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After reading Oryx and Crake and The Handmaid’s Tale for classes in school, reading this mystery/suspense novel by Atwood was quite a treat.  This book is full of insight and a wonderful discussion starter.  I also found myself relating to the three female heroines in the book: Tony, Charis, and Roz.  When their hearts broke, mine did too.  I felt their despair and they wondered how they would pick up the pieces of their life after heart break, disappointment, and devestation.

Date finished: August 2009

The novel isn’t a piece of speculative fiction, like the two previous Atwood books I have read.  Instead, it’s more of a mystery/suspence book, which revolves around a woman named Zenia who drops into the lives of each of the three heroines and destroys their worlds.  What they emerge with is a surprising friendship.  What the book surprisingly really explores are the bonds of an unusual and unexpected friendship between three women who are completely different in almost every way.  After reading the book, I couldn’t help but think about my own friendships and how it is the smallest connections that can bring people together.  Atwood creates an unconventional friendship that depicts what I believe to be the truest bonds of friendship – helping someone pick up the pieces after they have lost everything that matters.  She does this in a very poignant way by not sugar-coating anything.  The book shoes that imperfections are natural in EVERYTHING – people, friendships, even enemies.  By shifting viewpoints between the three women, Atwood depicts reality.  She shows insecurities, jealousy, love, lust, anger – and she does so quite accurately.  Her writing is crisp and incredibly accurate at describing things that everyone feels.

The book is also about perseverance in the face of absolute devastation.  Atwood paints amazingly detailed pictures of each woman and their stories are amazing.  I finished the book feeling amazed at what some people are capable of living through.  The strength and courage of Atwood’s female characters is amazing and inspiring.  If anything, it should leave female readers feeling like they can really take on anything the world might throw at them.  I’m glad that this book kept with Atwood’s usual feminist undertones, because I believe that they introduce wonderful topics for women to discuss and think about. Still men don’t need to worry because the book is not all about women’s power, it just shows some of the struggles women face in the modern world.  Despite all that they have accomplished, there are still certain walls that inhibit them and Atwood openly acknowledges explores that problem in this book (but it is in a very tastefully subtle way).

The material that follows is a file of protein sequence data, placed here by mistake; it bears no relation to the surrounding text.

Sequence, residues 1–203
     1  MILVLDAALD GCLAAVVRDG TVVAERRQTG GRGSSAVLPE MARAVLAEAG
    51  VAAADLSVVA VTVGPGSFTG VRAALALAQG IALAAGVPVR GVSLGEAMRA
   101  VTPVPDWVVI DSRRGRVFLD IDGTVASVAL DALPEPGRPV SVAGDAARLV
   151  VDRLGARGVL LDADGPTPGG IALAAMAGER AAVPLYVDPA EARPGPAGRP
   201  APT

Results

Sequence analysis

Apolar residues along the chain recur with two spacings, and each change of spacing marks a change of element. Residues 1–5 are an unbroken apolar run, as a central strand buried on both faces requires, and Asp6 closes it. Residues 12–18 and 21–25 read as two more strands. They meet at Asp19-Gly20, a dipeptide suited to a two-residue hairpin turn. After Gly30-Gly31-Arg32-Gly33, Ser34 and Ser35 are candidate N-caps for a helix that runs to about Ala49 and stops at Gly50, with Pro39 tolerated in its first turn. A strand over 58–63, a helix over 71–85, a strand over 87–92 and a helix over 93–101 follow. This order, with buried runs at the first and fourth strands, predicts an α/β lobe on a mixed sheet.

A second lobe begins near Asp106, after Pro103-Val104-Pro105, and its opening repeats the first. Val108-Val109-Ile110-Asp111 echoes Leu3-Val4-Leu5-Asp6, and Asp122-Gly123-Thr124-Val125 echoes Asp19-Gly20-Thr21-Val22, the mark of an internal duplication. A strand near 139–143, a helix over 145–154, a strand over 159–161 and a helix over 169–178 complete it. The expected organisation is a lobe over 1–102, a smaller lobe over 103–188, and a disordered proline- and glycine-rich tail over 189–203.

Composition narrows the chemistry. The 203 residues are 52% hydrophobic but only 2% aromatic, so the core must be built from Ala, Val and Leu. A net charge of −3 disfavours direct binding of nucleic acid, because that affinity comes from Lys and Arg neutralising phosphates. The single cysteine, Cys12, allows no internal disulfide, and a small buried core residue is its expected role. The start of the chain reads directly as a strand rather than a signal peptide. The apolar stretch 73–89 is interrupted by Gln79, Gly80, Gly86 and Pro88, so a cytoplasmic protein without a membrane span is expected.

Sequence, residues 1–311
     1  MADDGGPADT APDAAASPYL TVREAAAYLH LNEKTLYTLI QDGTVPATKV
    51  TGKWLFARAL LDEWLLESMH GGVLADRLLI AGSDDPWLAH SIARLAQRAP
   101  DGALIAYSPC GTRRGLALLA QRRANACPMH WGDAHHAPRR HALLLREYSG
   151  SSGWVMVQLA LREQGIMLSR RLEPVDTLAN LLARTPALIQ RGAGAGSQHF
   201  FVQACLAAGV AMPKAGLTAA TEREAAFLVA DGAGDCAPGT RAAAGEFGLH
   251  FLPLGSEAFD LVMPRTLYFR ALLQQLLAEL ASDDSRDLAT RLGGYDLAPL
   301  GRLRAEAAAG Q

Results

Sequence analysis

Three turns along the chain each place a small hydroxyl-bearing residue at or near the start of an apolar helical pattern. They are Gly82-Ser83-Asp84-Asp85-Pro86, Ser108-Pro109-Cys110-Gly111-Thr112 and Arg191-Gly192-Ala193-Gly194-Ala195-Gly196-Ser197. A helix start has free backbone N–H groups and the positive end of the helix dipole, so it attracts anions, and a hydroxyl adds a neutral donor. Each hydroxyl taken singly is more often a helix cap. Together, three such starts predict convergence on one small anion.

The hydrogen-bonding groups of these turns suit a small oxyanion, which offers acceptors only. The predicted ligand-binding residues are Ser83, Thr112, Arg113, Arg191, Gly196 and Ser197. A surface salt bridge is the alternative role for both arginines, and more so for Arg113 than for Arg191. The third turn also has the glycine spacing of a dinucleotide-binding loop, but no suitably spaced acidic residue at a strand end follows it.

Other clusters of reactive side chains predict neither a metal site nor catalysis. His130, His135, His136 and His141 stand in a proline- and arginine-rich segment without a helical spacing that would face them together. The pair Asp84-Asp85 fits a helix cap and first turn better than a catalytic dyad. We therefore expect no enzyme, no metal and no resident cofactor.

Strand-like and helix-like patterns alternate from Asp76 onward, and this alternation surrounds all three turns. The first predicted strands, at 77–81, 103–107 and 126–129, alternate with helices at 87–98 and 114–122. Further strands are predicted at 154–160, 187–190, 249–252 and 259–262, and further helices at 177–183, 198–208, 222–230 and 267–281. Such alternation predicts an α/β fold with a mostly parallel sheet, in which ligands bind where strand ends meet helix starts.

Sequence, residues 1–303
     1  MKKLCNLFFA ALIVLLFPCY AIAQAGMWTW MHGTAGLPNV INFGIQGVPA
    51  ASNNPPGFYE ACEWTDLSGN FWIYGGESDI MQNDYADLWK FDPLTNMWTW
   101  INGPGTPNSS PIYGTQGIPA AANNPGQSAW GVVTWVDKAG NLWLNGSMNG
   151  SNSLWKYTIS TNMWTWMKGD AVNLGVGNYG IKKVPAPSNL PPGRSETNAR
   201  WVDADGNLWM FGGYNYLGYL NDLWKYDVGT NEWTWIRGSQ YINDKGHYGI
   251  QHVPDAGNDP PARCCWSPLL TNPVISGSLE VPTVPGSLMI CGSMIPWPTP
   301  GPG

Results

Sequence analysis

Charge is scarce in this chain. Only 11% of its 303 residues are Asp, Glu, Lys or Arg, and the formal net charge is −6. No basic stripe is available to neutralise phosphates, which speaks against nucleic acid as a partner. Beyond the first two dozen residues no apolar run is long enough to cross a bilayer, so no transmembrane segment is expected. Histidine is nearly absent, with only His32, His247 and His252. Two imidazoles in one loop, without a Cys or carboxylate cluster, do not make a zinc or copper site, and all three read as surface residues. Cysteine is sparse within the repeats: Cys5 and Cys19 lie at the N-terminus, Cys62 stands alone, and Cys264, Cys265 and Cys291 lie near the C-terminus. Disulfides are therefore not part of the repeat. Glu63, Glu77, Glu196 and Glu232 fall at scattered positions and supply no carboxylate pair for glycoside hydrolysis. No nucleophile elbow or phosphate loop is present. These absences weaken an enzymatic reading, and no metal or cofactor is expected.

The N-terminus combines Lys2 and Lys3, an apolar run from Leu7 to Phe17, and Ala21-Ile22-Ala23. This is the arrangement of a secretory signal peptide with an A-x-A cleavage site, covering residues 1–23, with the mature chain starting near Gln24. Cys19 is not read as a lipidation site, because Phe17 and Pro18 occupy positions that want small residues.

All in all, I must say that this is yet another masterpiece by Atwood.  It was wonderfully written (as usual) and difficult to put down.  I very highly recommend it to anyone looking for a good read.  Her writing really throws you for a loop – it’s unexpected and absolutely refreshing.

Overall rating: A

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Review: Timeline

My sister recommended this book to me as a must read so despite my qualms about science fiction, I decided to give it a shot.  I hated Jurassic Park (sorry for any fans) and felt like this would be a difficult read for me.

Date finished: August 2009

But if you think about it, the past has always been more important than the present.  The present is like a coral island that sticks above the water, but is built upon millions of dead corals under the surface, that no one sees.  In the same way, our everyday world is built upon millions and millions of events and decisions that occurred in the past.  And what we add in the present is trivial. (359)